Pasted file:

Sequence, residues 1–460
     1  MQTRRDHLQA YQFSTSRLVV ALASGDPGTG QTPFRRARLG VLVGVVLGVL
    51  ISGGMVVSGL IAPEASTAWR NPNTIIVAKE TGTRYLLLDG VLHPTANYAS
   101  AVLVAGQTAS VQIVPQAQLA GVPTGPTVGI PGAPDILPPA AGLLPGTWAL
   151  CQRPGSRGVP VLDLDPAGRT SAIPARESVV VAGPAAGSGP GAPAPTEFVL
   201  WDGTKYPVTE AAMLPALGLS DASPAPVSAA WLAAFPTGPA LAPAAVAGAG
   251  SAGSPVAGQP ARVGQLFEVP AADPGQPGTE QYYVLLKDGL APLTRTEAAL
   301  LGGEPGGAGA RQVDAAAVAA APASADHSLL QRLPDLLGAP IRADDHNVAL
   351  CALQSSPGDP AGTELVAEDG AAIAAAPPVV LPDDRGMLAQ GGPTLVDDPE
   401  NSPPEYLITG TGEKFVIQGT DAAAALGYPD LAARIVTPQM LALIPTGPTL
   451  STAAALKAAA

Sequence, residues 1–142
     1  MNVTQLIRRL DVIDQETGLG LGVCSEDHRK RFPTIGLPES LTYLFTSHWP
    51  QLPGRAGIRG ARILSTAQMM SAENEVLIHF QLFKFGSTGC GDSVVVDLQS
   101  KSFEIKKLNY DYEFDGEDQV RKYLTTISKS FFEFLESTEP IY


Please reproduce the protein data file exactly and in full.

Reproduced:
Sequence, residues 1–460
     1  MQTRRDHLQA YQFSTSRLVV ALASGDPGTG QTPFRRARLG VLVGVVLGVL
    51  ISGGMVVSGL IAPEASTAWR NPNTIIVAKE TGTRYLLLDG VLHPTANYAS
   101  AVLVAGQTAS VQIVPQAQLA GVPTGPTVGI PGAPDILPPA AGLLPGTWAL
   151  CQRPGSRGVP VLDLDPAGRT SAIPARESVV VAGPAAGSGP GAPAPTEFVL
   201  WDGTKYPVTE AAMLPALGLS DASPAPVSAA WLAAFPTGPA LAPAAVAGAG
   251  SAGSPVAGQP ARVGQLFEVP AADPGQPGTE QYYVLLKDGL APLTRTEAAL
   301  LGGEPGGAGA RQVDAAAVAA APASADHSLL QRLPDLLGAP IRADDHNVAL
   351  CALQSSPGDP AGTELVAEDG AAIAAAPPVV LPDDRGMLAQ GGPTLVDDPE
   401  NSPPEYLITG TGEKFVIQGT DAAAALGYPD LAARIVTPQM LALIPTGPTL
   451  STAAALKAAA

Sequence, residues 1–142
     1  MNVTQLIRRL DVIDQETGLG LGVCSEDHRK RFPTIGLPES LTYLFTSHWP
    51  QLPGRAGIRG ARILSTAQMM SAENEVLIHF QLFKFGSTGC GDSVVVDLQS
   101  KSFEIKKLNY DYEFDGEDQV RKYLTTISKS FFEFLESTEP IY